What about Clojure can be improved? [Not CLJS]

@cljrt raw string literals has been proposed and declined several times over the years. The value for cost ratio does not seem favorable to us so I think this one is unlikely.

Is there an issue for the client-side AOT-cache of libraries? This was discussed some time ago in clojure-dev slack. Would like to see that moving forward.

Currently, despite REPL spins up fast, all libs are distributed as sources and get re-compiled every time when they are loaded into REPL adding easily 10+ secs for just to spin up a batteries included web server (or a test runner). Caching compiled classes for libs that haven’t changed between REPL sessions would help a lot.

➜  ~ clj -Sdeps '{:deps { org.clojure/core.async {:mvn/version "0.4.500"}, manifold {:mvn/version "0.1.8"}}}'
Clojure 1.10.0
user=> (time (require '[manifold.stream :as s]))
"Elapsed time: 7715.211058 msecs"
4 Likes

If I understand @didibus’s intent, it was to have a philosophical discussion about what a dream world version of Clojure might look like, not to make any sort of request for changes to the actual, real world language.

Working from that perspective, I agree with @didibus regarding error messages, some naming, greater reliance on protocols in core, and with @staypufd that a proper Common Lisp-style condition system would be a feature of such a dream language. (Rich told me that the condition system is also one of the things he misses from CL).

Starting from the understanding that I find Rich’s taste in programming language features superb and both understand and respect the places where his tastes differ from my own, here are a few of my preferences:

  • the core language and the standard library in clojure.core would be minimal, with more stuff in other namespaces, both because this allows finer-grained choice of behavior and because it makes it easier to change things later without breaking anything
  • sequence/string/whatever functions would take the parameterization first and the sequence last so they are super easy to partial. (Core prefers to align the params based on -> and -->, which is also perfectly sensible)
  • the core language would be eager by default with optional laziness, as one sees in OCaml, where said eager sequence functions return a sequence of the same type they were passed (if reducers and transducers had existed earlier, I suspect this might have been true)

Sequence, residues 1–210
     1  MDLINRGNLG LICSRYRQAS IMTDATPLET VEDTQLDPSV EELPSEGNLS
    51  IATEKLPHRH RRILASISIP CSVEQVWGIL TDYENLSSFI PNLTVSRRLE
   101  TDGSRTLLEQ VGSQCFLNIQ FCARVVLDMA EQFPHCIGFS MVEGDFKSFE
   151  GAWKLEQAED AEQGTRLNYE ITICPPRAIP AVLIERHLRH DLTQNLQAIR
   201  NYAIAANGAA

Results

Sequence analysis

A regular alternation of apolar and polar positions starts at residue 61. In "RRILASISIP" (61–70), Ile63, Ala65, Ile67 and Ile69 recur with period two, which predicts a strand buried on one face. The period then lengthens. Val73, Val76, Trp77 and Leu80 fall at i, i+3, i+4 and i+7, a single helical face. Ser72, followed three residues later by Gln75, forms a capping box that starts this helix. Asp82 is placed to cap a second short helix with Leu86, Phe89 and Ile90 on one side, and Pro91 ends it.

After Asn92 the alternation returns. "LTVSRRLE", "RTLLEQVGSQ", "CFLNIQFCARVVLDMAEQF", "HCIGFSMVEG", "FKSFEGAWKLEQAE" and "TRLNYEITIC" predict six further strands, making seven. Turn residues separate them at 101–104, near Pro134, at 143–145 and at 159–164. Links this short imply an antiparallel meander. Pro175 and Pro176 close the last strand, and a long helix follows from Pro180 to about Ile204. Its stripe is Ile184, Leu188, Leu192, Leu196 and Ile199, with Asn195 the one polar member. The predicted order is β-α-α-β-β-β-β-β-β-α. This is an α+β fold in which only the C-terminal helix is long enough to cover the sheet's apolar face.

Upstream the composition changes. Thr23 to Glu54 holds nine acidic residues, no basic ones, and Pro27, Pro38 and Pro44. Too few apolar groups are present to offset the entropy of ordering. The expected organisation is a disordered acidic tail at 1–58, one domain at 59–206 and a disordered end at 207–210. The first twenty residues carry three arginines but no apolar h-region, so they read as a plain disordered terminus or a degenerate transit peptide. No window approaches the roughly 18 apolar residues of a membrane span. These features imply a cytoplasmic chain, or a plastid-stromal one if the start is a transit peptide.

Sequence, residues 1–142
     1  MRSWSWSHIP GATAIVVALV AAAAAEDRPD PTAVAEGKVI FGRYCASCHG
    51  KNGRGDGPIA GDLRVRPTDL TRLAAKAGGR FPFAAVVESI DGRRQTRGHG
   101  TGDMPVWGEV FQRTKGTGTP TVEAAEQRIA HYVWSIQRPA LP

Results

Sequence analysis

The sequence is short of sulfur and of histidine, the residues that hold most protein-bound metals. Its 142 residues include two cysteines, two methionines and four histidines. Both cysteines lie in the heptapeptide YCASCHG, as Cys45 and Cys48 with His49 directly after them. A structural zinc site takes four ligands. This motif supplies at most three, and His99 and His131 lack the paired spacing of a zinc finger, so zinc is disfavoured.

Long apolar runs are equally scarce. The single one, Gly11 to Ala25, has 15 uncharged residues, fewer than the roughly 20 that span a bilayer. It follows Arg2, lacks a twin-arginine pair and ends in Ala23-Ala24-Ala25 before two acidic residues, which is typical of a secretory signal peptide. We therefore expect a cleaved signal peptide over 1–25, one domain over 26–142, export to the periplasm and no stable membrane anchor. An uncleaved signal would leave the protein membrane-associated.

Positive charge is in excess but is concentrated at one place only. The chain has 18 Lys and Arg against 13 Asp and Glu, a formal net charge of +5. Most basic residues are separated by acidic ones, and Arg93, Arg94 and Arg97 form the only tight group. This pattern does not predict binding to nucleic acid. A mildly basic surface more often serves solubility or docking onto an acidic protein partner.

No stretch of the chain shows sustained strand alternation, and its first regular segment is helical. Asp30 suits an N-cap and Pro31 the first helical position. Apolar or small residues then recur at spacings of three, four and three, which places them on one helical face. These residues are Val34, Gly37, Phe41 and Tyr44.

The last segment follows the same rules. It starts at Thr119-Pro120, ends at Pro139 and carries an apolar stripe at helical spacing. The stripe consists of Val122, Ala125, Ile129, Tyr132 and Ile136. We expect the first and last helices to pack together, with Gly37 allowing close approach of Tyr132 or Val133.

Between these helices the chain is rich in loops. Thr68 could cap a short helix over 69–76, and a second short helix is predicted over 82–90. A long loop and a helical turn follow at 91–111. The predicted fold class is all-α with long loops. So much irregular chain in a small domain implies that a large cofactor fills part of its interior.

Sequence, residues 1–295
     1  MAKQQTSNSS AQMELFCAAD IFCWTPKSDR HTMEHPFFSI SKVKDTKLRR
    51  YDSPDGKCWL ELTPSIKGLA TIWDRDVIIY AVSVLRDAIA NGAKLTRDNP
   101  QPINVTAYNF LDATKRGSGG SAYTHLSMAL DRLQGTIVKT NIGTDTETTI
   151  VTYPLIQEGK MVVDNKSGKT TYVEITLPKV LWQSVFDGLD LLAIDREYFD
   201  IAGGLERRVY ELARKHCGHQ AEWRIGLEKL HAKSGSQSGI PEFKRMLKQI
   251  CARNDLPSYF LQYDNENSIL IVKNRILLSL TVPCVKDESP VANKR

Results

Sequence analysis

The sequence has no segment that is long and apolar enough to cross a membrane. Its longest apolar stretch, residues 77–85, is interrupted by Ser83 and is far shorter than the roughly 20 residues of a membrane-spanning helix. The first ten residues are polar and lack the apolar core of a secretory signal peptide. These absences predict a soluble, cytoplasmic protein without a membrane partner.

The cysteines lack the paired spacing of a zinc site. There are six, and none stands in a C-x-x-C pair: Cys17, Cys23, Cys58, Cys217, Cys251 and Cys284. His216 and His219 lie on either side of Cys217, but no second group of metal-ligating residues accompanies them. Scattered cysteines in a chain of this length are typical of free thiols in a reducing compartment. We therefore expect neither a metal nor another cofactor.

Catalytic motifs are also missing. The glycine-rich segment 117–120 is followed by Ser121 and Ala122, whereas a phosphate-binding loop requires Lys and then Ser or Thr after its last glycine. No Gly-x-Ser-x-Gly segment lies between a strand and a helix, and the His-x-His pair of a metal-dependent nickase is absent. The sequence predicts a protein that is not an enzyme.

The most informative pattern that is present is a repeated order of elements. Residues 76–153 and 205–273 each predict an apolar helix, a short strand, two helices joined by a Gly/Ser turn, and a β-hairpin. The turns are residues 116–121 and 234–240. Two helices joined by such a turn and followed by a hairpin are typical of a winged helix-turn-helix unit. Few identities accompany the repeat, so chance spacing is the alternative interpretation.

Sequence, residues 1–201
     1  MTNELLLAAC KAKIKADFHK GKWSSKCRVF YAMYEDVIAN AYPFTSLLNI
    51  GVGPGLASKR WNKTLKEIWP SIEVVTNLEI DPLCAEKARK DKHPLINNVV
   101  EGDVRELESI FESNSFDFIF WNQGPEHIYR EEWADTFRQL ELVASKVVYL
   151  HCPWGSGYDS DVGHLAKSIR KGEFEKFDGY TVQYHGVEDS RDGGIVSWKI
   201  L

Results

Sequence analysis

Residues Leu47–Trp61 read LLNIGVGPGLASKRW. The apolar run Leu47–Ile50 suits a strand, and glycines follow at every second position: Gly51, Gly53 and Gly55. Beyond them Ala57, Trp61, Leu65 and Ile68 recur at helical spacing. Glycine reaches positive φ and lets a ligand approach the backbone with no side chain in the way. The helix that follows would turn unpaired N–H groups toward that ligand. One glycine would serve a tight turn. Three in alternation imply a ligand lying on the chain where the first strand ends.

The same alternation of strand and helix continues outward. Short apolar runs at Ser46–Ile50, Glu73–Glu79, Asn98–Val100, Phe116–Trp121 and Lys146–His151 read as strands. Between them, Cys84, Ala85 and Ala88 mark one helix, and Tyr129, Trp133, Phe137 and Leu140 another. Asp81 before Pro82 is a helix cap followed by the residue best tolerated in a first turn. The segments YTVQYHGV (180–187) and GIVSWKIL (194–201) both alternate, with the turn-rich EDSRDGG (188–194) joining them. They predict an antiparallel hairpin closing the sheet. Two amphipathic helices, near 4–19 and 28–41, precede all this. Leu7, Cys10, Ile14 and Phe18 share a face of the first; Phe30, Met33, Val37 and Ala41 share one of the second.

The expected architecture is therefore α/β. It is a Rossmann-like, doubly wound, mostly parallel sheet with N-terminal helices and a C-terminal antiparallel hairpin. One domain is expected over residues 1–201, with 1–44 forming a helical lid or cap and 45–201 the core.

• although I feel the design decisions of the current compiler were the correct pragmatic choices for the situation in which they were written, in my dream we’d have a mostly-in-clojure compiler along nanopass lines where various backend targets can be addressed by porting the first few low-level passes, thus making porting to new targets easier and allowing improvements and optimizations at the higher level to be automatically shared between those implementations (JVM, JS, CLR, native)
  • speaking of the compiler, it would be grand for it to have something akin to the Nimble type inference algorithm; mostly for performance, but also to improve early detection of obvious type errors in code
  • consistent printer and reader behavior for all program values, allowing serialized/unserialized to EDN (admittedly, this is somewhere between very hard and impossible on the JVM)

Climbing back down from pie-in-the-sky: of the literally dozens of programming languages I’ve used professionally over decades in the trade, I currently reach for Clojure as my default daily driver with a smile on my face. :blush:

4 Likes

I think I created an opening for both. What could be improved can be seen as something that 1.11, 1.12, etc. could address. And what would you change is more about a hypothetical Clojure 2.0 dream like Clojure reboot. My own list I think mixed and matched from these two categories.